They now say that strigolactones, as hormones, are also crucial for the branching of plants. The discovery will soon be published in Nature and is of great importance for innovations in agriculture. Examples include the development of cut flowers or tomato plants with more or fewer branches. These crops are of major economic and social importance worldwide.
The growth and development of plants is largely controlled by plant hormones. Plants produce these chemicals themselves, thus controlling the growth and development of roots and stems, for example. A number of plant hormones, such as auxins, giberellins and cytokinins, were discovered by scientists decades ago. Now a new group of hormones has been found: The so-called strigolactones.
Previous research by institutes including Wageningen UR has shown that strigolactones plays a major part in the interaction between plants and their environment. As plants cannot move, they commonly use their own chemicals to control the environment as best as they can.
Strigolactones are of major importance to the interaction between plants and symbiotic fungi, for example. These fungi live in a symbiotic relationship with plants, that is mutually beneficial. They transport minerals from the soil to the plant, while the plant gives the fungi sugars ‘in return’.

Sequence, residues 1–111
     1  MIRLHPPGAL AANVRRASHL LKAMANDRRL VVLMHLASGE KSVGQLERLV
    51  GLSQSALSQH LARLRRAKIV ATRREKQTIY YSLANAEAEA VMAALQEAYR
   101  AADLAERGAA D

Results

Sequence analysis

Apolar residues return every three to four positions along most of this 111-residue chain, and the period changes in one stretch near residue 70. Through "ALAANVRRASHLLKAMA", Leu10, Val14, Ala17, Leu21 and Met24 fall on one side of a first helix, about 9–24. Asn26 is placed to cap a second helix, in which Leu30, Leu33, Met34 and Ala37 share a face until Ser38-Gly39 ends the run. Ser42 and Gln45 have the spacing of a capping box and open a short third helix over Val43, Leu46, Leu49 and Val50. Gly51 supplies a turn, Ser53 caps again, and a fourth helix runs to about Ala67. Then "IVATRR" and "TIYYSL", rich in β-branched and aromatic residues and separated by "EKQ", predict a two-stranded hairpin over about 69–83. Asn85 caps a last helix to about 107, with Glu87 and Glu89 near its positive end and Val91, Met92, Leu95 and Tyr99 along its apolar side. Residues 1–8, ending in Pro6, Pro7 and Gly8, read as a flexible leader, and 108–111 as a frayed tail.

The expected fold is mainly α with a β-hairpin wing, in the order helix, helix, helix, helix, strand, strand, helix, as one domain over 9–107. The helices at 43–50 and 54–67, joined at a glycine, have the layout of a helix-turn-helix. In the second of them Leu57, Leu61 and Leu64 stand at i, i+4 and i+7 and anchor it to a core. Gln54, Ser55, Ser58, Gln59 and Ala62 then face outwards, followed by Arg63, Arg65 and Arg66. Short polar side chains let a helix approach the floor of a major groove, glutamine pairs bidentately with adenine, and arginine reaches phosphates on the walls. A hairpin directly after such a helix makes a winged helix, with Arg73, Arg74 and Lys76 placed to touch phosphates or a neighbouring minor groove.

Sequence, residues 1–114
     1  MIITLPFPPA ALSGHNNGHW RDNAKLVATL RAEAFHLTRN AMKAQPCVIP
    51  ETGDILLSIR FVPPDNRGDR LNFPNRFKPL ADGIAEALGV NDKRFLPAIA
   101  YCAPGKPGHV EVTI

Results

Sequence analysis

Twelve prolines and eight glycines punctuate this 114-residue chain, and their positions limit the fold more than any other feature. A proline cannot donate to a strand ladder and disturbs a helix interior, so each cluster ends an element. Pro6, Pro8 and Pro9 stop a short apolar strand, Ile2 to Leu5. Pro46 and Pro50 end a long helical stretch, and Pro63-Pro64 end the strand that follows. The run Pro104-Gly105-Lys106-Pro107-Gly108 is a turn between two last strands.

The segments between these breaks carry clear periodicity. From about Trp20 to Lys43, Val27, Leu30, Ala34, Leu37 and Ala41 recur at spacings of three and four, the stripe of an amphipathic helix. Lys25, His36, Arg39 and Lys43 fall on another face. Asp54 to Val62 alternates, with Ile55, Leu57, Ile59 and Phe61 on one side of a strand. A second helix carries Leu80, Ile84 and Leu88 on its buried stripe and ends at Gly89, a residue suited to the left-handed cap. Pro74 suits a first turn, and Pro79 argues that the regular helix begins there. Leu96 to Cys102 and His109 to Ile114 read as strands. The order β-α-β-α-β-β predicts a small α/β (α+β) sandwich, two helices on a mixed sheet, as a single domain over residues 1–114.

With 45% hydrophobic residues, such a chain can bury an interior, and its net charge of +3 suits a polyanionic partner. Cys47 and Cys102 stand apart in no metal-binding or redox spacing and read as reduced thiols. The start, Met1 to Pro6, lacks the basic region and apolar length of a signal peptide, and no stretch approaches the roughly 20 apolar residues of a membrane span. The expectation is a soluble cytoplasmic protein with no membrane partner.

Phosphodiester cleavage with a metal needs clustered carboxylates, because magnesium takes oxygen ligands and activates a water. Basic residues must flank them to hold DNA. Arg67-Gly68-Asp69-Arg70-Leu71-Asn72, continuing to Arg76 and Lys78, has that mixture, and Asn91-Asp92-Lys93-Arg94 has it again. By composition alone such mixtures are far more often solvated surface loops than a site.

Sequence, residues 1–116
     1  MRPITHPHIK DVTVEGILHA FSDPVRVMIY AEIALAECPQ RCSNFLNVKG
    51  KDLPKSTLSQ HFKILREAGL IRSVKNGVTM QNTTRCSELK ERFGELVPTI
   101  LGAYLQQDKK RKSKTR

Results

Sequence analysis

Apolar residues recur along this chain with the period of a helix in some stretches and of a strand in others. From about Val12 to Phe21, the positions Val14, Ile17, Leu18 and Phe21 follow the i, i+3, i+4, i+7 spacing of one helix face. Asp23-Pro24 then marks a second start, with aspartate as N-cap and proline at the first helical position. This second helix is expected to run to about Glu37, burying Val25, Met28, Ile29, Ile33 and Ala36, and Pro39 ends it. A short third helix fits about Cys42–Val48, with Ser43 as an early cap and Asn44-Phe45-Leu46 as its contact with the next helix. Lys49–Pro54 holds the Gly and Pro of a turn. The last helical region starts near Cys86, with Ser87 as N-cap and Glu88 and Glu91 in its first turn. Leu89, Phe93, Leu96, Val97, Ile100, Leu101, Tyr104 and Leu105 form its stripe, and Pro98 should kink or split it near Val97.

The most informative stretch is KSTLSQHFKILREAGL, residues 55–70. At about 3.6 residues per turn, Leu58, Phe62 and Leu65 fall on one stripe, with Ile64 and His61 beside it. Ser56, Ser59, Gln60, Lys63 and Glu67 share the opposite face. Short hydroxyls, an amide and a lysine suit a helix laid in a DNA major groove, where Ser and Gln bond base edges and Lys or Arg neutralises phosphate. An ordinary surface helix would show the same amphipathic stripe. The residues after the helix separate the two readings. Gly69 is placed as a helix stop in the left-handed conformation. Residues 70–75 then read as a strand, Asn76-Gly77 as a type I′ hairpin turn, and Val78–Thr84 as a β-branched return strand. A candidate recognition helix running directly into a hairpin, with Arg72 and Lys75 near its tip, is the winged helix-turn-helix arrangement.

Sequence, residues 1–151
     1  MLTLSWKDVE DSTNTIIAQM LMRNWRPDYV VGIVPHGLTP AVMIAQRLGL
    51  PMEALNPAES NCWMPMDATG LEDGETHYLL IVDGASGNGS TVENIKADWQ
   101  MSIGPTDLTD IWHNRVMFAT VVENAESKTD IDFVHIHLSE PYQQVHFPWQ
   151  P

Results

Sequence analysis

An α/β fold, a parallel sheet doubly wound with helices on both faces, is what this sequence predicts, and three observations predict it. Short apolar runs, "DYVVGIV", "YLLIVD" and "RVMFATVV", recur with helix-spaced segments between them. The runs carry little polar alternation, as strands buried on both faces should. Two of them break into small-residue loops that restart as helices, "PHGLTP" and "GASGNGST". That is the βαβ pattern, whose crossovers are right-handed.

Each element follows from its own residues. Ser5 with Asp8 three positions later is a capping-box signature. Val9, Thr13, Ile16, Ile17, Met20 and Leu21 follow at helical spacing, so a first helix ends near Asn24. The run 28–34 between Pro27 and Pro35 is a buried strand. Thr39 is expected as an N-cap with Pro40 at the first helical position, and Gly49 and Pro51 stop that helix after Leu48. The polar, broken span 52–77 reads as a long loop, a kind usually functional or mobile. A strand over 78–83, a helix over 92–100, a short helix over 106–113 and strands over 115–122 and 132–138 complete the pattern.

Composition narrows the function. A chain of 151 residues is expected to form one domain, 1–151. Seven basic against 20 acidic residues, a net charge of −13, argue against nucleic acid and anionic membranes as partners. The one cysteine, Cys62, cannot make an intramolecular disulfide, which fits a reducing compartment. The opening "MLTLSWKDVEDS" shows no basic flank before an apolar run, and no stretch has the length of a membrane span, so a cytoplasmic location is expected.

Unfortunately, the strigolactones have also been “hijacked” by harmful organisms: They help seeds of parasitic plants to germinate when plant roots are in the vicinity. The seedlings of the parasite attach to the root of the plant and use the plant’s nutrients for their own growth and reproduction. Unlike the symbiotic fungi, however, they do not give anything in return. On the contrary, the parasitism often causes the host plant to die, eventually.
The international research team consisting of French, Australian and Dutch scientists, coordinated in France, found mutants of pea that were branching without restraint. It turned out that these pea plants were not capable of producing strigolactones. When the plants were administered strigolactones, the unrestrained branching stopped. The same effect occurred in an entirely different plant, thale cress. The mutant plants also caused a significant lower germination of the parasitic plant seeds and induced less interaction with symbiotic fungi.
The scientists also showed that a specific ‘receptor reaction’ for the strigolactones occurs in plants, a phenomenon that is characteristic for plant hormones. Although some previously discovered plants with unrestrained branching turned out to be producing strigolactones themselves, their receptor connection was disturbed: Strigolactones administered from the outside could not stop the uncontrolled branching.
It has also been shown that the plants are capable of transporting strigolactones internally and that the chemicals work at very low concentrations, two other typical characteristics of plant hormones.
The importance of this discovery of a new group of plant hormones is emphasised by the fact that Nature is publishing an article by a Japanese team in the same issue in which similar results are presented. It is expected that this new knowledge will be applied in agriculture and horticulture, for example in breeding and the development of branching regulators.
Cut flower varieties and potted plants with either more or less branching may have special ornamental value, while crops with more or less branching may be beneficial in cultivation. Tomato plants in which less branching occurs can benefit the greenhouse horticulture, for instance.